Hindman Barn stabilization project begins

Dec 08, 2017
This week the Land Trust began the delicate work of stabilizing the Hindman Barn at Camp Polk Meadow Preserve. Learn more about the project.


This week the Land Trust began the delicate work of stabilizing the Hindman Barn at Camp Polk Meadow Preserve. This exciting project has been in the works since the Land Trust acquired Camp Polk in 2000! Thanks to a recent grants from the Oregon Community Foundation's Historic Trail Fund, the Roundhouse Foundation and others, we can finally begin to preserve this 146 year old treasure of Central Oregon's history.

The Hindman barn was built in 1871 and was part of Hindman Station, a historic stopping place along the Santiam Wagon Road. The Land Trust's preservation goals:

  • Remove rotten sills and rotten portions of vertical posts.
  • Jack up and stabilize all post bottoms.
  • Re-peg dislocated posts.
  • Make the structure plumb and stabilizing it with knee braces and guy wires.
  • Mark the extent of the original barn footprint.

Crews started this week on stabilizing posts and pouring new footings for the posts. The pictures below show the progress or check out the video at the top of the page.

First, a notch is cut in the post and sill of the barn. We are working to save as much of the post and sill as possible. Photo: Land Trust.
First, a notch is cut in the post and sill of the barn. We are working to save as much of the post and sill as possible. Photo: Land Trust.

 

A metal brace was fabricated to keep the barn from moving. Photo: Land Trust.
A metal brace was fabricated to keep the barn from moving. Photo: Land Trust.

 

The metal brace slides into the notched post. Photo: Land Trust.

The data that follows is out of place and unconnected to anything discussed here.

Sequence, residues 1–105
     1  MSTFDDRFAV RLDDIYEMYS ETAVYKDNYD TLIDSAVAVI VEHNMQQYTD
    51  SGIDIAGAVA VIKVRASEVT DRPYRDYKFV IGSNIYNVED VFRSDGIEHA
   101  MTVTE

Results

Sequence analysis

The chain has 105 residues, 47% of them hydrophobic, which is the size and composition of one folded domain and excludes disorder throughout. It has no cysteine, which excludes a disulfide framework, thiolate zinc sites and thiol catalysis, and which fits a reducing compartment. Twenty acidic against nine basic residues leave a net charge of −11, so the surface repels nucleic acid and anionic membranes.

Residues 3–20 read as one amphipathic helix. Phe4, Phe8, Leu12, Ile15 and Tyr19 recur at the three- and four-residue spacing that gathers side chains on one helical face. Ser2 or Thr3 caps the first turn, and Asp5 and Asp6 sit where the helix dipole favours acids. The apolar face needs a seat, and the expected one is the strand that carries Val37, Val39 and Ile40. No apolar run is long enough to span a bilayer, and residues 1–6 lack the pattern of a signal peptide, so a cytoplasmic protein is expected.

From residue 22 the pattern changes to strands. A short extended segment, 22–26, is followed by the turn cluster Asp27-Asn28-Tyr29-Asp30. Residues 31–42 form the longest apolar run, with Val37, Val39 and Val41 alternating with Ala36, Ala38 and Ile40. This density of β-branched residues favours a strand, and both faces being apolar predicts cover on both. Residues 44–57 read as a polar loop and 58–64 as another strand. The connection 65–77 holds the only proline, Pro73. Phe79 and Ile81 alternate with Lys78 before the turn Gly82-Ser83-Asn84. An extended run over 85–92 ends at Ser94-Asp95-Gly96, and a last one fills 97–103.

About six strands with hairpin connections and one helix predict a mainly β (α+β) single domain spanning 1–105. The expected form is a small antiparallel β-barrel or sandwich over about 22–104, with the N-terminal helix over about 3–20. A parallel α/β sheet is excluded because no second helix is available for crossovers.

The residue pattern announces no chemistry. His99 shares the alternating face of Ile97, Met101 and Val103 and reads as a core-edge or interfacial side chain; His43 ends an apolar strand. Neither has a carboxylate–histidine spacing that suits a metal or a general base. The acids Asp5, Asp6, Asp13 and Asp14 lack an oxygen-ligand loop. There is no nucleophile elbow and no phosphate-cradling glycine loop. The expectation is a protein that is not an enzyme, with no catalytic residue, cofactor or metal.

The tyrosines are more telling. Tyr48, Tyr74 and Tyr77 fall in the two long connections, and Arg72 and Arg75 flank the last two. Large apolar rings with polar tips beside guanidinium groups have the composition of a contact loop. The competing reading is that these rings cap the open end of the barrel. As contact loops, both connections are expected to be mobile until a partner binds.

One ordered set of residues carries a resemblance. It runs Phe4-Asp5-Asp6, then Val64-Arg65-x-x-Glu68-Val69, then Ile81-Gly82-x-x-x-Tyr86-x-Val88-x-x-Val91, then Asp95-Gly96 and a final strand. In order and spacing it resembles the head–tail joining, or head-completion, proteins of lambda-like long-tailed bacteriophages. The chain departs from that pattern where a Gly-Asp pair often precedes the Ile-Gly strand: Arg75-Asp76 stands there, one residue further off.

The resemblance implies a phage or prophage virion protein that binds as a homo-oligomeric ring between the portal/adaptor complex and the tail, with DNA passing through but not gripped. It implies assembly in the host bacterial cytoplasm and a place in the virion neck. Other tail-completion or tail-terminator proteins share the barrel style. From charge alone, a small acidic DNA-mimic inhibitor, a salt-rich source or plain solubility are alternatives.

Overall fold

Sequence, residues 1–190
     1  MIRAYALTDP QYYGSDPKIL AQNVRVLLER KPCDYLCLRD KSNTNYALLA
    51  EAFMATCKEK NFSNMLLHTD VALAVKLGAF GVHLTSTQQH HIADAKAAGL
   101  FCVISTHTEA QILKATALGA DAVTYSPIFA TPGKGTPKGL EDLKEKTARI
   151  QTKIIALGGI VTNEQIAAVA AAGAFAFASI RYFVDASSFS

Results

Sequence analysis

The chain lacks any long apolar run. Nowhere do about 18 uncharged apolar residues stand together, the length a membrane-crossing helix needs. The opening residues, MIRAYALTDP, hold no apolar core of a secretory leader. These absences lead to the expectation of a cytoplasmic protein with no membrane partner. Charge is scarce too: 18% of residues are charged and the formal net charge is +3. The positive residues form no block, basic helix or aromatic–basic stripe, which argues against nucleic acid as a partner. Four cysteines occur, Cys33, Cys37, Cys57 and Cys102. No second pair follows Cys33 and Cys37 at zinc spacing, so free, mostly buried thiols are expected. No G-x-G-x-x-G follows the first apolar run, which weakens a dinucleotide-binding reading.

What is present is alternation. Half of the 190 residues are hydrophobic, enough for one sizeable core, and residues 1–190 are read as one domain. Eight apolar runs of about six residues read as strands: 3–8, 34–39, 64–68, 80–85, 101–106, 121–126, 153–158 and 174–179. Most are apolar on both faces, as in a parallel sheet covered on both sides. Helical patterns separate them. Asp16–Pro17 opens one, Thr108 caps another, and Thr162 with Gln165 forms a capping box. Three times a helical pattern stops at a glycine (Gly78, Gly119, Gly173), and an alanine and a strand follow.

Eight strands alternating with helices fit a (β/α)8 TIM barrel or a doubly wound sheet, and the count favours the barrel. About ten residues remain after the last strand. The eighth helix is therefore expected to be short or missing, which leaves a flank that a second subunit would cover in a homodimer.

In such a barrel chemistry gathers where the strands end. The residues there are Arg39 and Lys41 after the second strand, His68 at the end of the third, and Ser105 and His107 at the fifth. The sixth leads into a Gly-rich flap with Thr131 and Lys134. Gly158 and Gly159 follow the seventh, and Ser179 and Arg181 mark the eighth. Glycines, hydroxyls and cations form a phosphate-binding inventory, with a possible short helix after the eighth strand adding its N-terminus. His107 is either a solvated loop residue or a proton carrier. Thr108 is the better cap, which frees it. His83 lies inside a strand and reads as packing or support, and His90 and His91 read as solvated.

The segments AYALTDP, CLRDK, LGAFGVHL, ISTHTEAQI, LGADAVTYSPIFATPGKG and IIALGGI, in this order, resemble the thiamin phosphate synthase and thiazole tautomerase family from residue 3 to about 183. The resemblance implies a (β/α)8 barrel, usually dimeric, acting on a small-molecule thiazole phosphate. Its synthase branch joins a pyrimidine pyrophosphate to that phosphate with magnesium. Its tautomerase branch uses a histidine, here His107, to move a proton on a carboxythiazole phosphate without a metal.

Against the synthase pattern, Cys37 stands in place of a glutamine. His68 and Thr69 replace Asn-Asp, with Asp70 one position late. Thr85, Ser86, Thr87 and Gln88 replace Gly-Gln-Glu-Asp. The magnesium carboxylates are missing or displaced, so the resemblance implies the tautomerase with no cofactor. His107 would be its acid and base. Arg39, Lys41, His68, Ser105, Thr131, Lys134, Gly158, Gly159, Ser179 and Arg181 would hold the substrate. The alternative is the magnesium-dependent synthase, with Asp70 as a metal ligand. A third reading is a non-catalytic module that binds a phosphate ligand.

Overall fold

The metal brace slides into the notched post. Photo: Land Trust.

 

Finally, a concrete footing is poured at the base around the metal plate. Photo: Land Trust.
Finally, a concrete footing is poured at the base around the metal plate. Photo: Land Trust.

 

Why are we stabilizing the Hindman Barn?

The Hindman barn was built in 1871 and was part of Hindman Station, a historic stopping place along the Santiam Wagon Road. The barn was originally a 75’x50’ post and beam barn with mortise and tenon joints. Active use of the barn ended in the 1960’s.

In 1990 a windstorm severely damaged the failing roof, after which the owners removed the remaining section of roof and all of the siding. In 2000, when the Deschutes Land Trust acquired the land and created Camp Polk Meadow Preserve, the remains of the barn were shored up and supported by cables and rope. However, the barn timbers continued to deteriorate and destabilize.

The Land Trust has worked for many years to determine the best way to preserve the remains of the Hindman Barn. This included consulting with Deschutes County and its Historical Landmarks Commission, the Sisters Historical Society, and a descendant of the Hindman family. Together we decided the best route would be to stabilize the remaining structure so future generations could learn its story.

 

About the Hindman Springs Preservation and Restoration

This barn stabilization is the first phase of a larger effort to preserve and provide interpretation on the historic Hindman Springs portion of Camp Polk Meadow Preserve. We re-built the Hindman Springs Area trail in August of 2017, are now working to preserve the Hindman barn and homesite, and will work to restore native vegetation over the next year.

Many thanks to the Oregon Community Foundation Historic Trails Fund, the Roundhouse Foundation, the Laird Norton Foundation, East Cascade Audubon Society, and private donors for making the Hindman Springs Area Preservation and Restoration possible.
 

Learn more: